The key to truly living is to become aware. Awareness is the ability to perceive, to feel, or to be conscious of events, objects, thoughts, emotions, or sensory patterns. In this level of consciousness, sense data can be confirmed by an observer without necessarily implying understanding. More broadly, it is the state or quality of being aware of something.
Awareness in the moment, yes but even more so as a lifestyle. Awareness is dynamic and fluid. Often, awareness is used to recognize the present moment and promote mindfulness, however, awareness is also about knowledge. Knowledge that you acquire over a lifetime of practice, which builds and develops into wisdom. I like to be on my own. I will go to movies, on a hike, on a late night ocean swim, out to eat, to a concert, on a plane or on a road trip with me, myself and I. I always get the same reactions from friends and people alike “you’re crazy” they say or “why? I would never do that by myself”. Here, I find an opportunity to tell you why you can, you should and how it is crazy not to.
This is where you explore and only by exploration, you discover.
You explore the inner workings of your own mind: worry, stress, thoughts that come up or past experiences. You might notice how anxiety rises into your chest, or how you carry your nerves in your body. This is becoming aware, when you observe and notice you allow your subconscious to relax and let your conscious self lead the way. A good example of this is at the end of a movie when the credits start; everyone immediately gets up and heads towards the exit. Stay seated and just sit there. You may notice anxiety comes up and it makes you want to move, leave and go on to the next thing! But stay, sit, sit with these feelings and take a deep breath. There is no rush.
Another place this can happen is on your yoga mat. In class where you may or may not have mirrors in the room. Coming face to face with your Self, the thoughts and challenges that come up during class. Sometimes physical challenges, sometimes mental and at times both. You’ll notice your quick judgements toward yourself. Looking and comparing yourself to others in the room or judging yourself off the story that is your past….your experiences. Once, you bring your conscious attention to getting past yourself, you create room to breathe and you give others a chance to meet you there in that space and then you create your experience,you and the present moment and everything it brings.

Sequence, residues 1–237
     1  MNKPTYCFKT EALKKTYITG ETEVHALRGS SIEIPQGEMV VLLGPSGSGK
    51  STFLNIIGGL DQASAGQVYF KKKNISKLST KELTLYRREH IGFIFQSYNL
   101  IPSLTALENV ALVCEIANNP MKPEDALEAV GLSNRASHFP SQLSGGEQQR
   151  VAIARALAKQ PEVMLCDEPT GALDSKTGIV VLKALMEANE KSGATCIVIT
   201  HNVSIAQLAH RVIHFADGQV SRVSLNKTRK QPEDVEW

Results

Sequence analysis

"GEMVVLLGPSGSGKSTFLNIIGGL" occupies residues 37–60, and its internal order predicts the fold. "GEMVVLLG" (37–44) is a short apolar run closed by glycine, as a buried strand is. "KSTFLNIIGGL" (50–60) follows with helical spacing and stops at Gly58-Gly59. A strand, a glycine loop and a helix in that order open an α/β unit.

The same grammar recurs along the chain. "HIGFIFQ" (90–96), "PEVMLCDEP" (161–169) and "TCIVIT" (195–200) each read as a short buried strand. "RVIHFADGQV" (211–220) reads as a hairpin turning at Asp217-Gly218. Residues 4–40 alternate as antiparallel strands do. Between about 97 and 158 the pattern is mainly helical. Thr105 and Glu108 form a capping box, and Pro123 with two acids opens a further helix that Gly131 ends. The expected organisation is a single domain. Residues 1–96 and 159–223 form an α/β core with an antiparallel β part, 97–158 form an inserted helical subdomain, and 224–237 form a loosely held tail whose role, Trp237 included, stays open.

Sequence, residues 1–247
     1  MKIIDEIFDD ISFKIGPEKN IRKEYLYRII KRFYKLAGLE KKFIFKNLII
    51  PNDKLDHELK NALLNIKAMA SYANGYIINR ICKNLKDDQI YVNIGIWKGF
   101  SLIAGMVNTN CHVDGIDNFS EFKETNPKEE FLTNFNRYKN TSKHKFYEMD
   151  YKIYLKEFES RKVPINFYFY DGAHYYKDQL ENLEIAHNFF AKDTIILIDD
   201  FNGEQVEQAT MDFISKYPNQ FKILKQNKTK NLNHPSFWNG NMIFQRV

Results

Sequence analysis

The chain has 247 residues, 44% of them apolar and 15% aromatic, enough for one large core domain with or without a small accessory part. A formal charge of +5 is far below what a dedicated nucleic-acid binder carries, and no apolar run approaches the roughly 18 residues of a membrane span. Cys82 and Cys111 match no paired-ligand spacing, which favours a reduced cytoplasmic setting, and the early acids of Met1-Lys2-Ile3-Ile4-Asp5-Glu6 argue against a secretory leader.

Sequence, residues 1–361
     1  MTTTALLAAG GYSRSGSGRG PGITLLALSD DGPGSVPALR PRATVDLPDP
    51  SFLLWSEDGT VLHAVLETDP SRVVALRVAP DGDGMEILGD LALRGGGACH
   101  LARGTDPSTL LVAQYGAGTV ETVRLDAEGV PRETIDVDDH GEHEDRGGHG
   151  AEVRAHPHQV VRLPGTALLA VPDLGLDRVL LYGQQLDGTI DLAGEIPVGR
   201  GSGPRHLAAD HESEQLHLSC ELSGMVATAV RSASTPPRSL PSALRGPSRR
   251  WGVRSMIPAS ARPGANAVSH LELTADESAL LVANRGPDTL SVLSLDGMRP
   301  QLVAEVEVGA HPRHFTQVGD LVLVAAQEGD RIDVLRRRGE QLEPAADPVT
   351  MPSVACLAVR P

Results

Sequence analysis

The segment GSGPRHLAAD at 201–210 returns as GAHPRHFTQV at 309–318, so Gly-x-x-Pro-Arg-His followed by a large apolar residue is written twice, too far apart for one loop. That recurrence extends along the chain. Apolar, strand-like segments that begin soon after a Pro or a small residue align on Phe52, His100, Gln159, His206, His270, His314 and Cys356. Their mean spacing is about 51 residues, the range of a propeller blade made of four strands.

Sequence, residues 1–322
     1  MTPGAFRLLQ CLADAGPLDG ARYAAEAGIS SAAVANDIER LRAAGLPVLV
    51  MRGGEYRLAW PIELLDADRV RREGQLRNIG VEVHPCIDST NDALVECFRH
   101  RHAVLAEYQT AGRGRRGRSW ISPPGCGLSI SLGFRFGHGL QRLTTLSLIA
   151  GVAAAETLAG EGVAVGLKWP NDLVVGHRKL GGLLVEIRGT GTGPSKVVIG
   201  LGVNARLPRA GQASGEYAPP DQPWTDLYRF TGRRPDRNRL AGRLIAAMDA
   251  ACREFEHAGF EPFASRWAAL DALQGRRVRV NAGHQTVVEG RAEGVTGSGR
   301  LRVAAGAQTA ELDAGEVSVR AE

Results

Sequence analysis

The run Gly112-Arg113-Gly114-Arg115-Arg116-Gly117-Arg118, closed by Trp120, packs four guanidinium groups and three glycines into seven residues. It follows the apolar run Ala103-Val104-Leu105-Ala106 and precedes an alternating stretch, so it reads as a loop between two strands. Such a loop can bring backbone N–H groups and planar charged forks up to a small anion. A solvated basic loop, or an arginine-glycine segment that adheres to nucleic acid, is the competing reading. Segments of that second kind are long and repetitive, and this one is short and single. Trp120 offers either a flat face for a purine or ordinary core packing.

“One’s destination is never a place but rather a new way of looking at things.” -Henry Miller
Life is ever-changing and the constant wrong here is believing that we are always right.
The absolute worst thing we can do is condemn ourselves to the point where we are missing out on some awesome, amazing parts of life.. living. You cannot see what you are not aware of, and in order to be aware you need to be open, open your mind, your heart and your eyes. Be conscious, be where you are. Don’t carry a victorious attitude feeling confident in the knowledge you hold because it can easily be ignorance.
The unknown, the unfamiliar and the uncomfortable to me is actually my idea of a good time. I explore different people, activities, cultures and I explore how I interact and maybe it’s awesome and natural. Maybe it is totally weird and a bit scary, but that’s okay. I notice it. I notice how I work with it or how I can handle it differently. It teaches and encourages you to find and celebrate these weird, unknown, unfamiliar, uncomfortable opportunities. Through my own experiences; With this key to truly living I will say you become more insightful, kinder and happier. You become more comfortable in the free-flowing movement of life and a little less satisfied with predictability. Stay hungry. You are the only common denominator to make any one thing the same, whether it is your consistent presence or your state of mind.
“Joy comes to us in ordinary moments. We risk missing out on joy when we get too busy chasing down the extraordinary.” – Brene Brown
Jeannie has always been an energetic one that dabbled in many different activities, but took dance classes consistently for several years. She took her first hot yoga class in March of 2013. By the end of March 2014, Jeannie had completed a 250 hour hot yoga teacher training. She learned quickly the impact of this yoga, this practice, and thought of ways she could be more involved. By the end of 2014, she completed an additional yoga teacher training course earning her 500 hour hot yoga teacher training certificate. She is here to teach, to train, to learn and to experience.